Continued from Part 2 by May 20, 2013, By Robert Salazar, CPA – Tax Alliance Group, LLP

Enterprise Zone Tax Credit in CalforniaBanks and corporations operating in an enterprise zone can also reduce their income tax exposure by taking advantage of the enterprise zone hiring credit. California Revenue and Taxation Code section 23622.7 provides an income tax credit to businesses that employ qualified employees in an enterprise zone during the taxpayer’s income year. The credit is determined on wages paid to qualified employees over a five-year period beginning with the date the qualified employee commences employment. For the first year of employment, the credit is based on 50 percent of the qualified employee’s qualified wages. For each subsequent year the qualified employee is employed, the credit is reduced by 10 percent. All banks and corporations engaged in a trade or business within an enterprise zone are eligible for the credit.

An employee can qualify the business for the hiring credit if the employee meets certain criteria at the commencement of his or her employment. Under the statute, an employee is a qualified employee if he or she satisfies three requisite conditions and falls into one of 14 classifications. The three requisite conditions relate to the employee’s date of hire and services performed. In contrast, the 14 classifications concern the status of an individual in a certain targeted group immediately preceding his or her employment. For example, an employee with a military service-connected disability prior to the commencement of his or her employment would fall within one of the 14 classifications. The business would then need to obtain from an enterprise zone coordinator a certification voucher verifying that the employee meets one of the 14 classifications.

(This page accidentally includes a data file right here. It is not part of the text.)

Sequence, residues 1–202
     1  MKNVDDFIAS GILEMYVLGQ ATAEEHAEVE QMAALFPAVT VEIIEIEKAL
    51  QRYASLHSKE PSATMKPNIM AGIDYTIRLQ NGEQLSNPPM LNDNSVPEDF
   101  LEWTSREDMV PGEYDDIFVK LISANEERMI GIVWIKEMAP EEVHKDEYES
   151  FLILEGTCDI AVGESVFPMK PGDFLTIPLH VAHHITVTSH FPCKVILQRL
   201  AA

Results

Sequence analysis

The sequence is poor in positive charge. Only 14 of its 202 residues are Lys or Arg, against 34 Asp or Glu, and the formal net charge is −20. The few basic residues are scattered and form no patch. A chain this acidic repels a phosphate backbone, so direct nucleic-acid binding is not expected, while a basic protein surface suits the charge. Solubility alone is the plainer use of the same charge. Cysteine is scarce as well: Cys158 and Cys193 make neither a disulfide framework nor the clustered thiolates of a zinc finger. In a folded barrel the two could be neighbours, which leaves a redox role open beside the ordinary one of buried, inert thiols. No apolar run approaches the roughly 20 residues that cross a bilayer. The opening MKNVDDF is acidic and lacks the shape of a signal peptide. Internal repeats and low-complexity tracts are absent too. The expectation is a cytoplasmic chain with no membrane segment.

Keep Records of Any Unused Credits

Businesses should also keep records of any unused credits. The enterprise zone hiring credit, like the enterprise zone sales or use tax credit, contains a carryover provision. Where the credit exceeds the tax for the income year, the amount of the credit not used may be carried forward until the credit is exhausted. The credit must be applied first to the earliest income years possible. Moreover, like the sales or use tax credit, the enterprise zone hiring credit includes a provision limiting the credit to the amount of tax that would be imposed on the taxpayer’s business income attributable to the enterprise zone.

Finally, the enterprise zone hiring credit must be reduced by the amount of certain credits, including the federal work opportunity tax credit (WOTC) taken for the same employee. Moreover, any deduction allowed under the California Bank and Corporation Tax Law for wages or salaries paid or incurred by the taxpayer, on which the enterprise zone hiring credit is based, will cause the credit to be reduced by the amount of the deduction.

In short, all banks and corporations in enterprise zones should explore the enterprise zone hiring credit opportunity because this credit can produce significant tax savings, not only in the employee’s first year of employment, but into the future as well. In fact, a business that employs the same 50 qualified employees over a five-year period can cumulatively recognize over $ 1 million in credits. The first step in pursuing this opportunity is recognizing whether the business is in an enterprise zone and then determining whether the company’s employees are qualified employees.

Next: Net Interest Deduction & Conclusion

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